Monday, January 10, 2005

January 2005, We learn about coffee farming before we start to look for a place to work as coffee farmers

We started actually thinking about Kona Coffee farms in small "what if's) as far back as I believe December 2004. But in January we actually started keeping documents and notes and trying to put conclusions to the details.

Although coffee farms and Kona Coffee was all around us, it is one of those things you can take for granted. There are also car repair shops, grocery stores and massage therapists -- these all blend into "that's the environment" but think "it does not directly affect us".

But then we considered that:
(1) Our favorite area of the Big Island is South Kona, and that is where the majority of Kona Coffee farms are located.
(2) Combine that with the fact that you can live and work at the same place -- that's a definite plus.
(3) Other businesses we had followed or were interested in, none went very far past "just looking".
(4) A number of Kona Coffee Farmers seemed to be successful and happy.

Then it dawned on us (forest for the trees):
Having our own Kona Coffee farm in South Kona would address many important issues:
(1) To be able to live in our favorite area;
(2) To be able to produce an actual product from Hawaii;
(3) To be able to make a living in Hawaii;
(4) To have a simple and laid back lifestyle more in line with the philosophy of Hawaii;
(5) To have hands on control of a small operation as opposed to a big company like we had evolved from.

We spent the next several months trying to learn as much as we could about how farmers work, what they needed to produce to generate what amount of money, what amount of property would it take to hold the number of plants that would yield that money, and on and on.

In other words we wanted to be able to verify to the best of our ability that within some reasonable range, there were existing methods that would yield consistent results. After all we were totally new to this, we did not grow up as farmers, we needed to try to make sure that there were existing "farm recipes" or "plans for operation" or "business plans" we could follow as a guide and not end up assuming we could figure it all out in the process. We did not want to just leap and hope we could figure it all out, we wanted to learn what would make you successful and what might hamper you.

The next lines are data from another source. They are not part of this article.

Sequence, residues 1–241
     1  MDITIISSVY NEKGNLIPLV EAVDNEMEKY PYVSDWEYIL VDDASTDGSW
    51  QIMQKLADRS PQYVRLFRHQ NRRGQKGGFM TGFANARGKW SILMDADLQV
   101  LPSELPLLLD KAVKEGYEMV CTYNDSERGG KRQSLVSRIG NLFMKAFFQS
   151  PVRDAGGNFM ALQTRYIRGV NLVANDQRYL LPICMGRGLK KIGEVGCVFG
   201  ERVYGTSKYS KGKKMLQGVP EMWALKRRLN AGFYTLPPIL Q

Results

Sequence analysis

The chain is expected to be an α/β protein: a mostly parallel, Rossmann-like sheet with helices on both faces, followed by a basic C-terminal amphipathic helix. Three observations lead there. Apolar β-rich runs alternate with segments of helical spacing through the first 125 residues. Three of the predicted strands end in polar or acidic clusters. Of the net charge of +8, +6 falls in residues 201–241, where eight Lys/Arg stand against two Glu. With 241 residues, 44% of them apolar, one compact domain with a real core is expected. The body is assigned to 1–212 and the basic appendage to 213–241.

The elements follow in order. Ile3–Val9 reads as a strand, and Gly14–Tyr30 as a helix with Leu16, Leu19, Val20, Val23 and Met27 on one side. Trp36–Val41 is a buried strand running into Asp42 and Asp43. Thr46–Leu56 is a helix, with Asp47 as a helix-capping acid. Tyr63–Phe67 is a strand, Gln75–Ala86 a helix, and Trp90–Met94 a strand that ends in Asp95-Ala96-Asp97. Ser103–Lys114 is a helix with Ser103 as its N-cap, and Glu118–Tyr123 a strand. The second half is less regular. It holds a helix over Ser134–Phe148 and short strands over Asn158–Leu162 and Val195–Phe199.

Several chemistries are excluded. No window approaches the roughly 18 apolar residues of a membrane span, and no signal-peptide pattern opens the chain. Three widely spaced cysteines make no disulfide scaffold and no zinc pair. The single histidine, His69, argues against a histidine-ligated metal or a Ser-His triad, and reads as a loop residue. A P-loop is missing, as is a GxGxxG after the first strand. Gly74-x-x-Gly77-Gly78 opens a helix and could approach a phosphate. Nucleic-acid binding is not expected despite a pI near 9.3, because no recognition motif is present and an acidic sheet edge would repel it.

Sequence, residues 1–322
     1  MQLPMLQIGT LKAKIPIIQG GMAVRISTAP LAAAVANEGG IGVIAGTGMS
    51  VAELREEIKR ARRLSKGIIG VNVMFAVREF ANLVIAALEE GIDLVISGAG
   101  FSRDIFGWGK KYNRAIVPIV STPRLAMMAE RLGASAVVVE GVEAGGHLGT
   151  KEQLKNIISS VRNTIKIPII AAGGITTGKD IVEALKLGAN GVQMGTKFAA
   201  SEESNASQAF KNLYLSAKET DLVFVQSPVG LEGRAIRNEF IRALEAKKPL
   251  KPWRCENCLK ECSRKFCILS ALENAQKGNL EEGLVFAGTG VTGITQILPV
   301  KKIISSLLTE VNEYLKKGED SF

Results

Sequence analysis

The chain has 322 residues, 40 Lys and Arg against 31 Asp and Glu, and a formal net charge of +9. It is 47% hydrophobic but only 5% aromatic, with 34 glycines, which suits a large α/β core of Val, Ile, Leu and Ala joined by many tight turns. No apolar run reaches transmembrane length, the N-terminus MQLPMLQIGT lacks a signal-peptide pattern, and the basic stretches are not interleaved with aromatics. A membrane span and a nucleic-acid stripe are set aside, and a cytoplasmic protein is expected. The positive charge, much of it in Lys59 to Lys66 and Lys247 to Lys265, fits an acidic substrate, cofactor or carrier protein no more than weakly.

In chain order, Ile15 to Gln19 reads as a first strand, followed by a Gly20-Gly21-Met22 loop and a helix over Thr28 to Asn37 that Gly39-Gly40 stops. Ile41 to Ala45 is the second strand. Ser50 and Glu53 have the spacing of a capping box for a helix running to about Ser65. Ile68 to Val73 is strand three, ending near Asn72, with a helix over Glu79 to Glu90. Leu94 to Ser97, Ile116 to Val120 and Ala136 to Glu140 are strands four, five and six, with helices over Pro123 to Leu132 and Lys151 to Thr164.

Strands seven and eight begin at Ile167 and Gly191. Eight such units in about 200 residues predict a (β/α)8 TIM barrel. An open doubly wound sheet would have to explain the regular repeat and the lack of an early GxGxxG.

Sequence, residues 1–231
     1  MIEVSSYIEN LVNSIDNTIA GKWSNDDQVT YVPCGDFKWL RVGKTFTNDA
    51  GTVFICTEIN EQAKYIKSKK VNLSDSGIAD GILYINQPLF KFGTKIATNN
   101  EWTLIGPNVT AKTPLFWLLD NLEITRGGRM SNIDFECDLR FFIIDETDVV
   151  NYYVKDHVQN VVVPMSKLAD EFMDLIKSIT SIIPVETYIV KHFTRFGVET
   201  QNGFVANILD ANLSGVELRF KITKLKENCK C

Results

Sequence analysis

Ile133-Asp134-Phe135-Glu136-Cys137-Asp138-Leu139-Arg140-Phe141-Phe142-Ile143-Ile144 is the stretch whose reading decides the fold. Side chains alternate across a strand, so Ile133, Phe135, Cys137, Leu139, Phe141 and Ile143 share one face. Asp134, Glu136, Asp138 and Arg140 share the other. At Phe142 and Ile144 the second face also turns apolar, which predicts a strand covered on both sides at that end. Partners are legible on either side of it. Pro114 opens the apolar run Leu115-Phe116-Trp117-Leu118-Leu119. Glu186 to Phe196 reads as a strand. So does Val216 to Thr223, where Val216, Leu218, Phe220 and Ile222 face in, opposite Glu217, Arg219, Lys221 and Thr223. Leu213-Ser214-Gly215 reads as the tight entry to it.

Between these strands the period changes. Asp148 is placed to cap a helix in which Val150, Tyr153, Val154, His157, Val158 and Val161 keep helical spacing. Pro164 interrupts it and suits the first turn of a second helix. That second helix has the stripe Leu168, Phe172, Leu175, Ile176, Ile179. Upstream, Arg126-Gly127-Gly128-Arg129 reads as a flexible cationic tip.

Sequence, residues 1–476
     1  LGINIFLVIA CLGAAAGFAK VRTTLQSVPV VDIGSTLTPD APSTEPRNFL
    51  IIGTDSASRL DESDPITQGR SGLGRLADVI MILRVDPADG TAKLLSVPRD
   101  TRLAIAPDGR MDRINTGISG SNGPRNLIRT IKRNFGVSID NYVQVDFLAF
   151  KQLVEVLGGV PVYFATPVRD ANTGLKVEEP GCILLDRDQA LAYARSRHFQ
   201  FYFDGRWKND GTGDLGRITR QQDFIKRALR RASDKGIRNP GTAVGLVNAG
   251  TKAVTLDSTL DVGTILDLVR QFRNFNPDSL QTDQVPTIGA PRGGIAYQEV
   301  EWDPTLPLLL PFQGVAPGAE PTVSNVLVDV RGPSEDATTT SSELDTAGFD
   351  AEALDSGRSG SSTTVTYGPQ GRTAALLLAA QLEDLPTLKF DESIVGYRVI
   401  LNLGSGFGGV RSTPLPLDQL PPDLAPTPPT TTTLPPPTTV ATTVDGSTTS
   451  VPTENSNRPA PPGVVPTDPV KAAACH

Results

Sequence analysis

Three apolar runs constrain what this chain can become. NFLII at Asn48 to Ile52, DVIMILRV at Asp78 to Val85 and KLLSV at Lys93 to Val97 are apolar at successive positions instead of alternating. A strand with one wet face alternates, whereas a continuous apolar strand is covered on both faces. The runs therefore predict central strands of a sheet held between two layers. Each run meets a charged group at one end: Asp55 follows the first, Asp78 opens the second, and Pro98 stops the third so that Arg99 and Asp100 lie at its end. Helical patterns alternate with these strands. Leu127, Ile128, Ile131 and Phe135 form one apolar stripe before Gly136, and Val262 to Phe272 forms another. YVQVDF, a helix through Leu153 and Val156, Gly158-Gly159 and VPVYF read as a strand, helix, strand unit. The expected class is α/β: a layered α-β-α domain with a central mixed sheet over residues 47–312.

From hearing other farmers' stories, quiet a number of new farmers had simply come over and seen a piece of land and fell in love with it. You hear the same thing happen when people buy an expensive car or a house.

A prospective coffee farmer needs to carefully consider if the farm he is thinking about has the potential to support the costs and the farmer's personal income needs. A four acre farm may be very cute but can it support you? If not, and you have to work two other jobs what will come of the upkeep and potential of the farm? If you have lots of money in the bank -- maybe that is a model that will work, but what if you need to make a living from a farm? Lots to consider and it can't be learned in one seminar or one club meeting, in one day, or in one month even.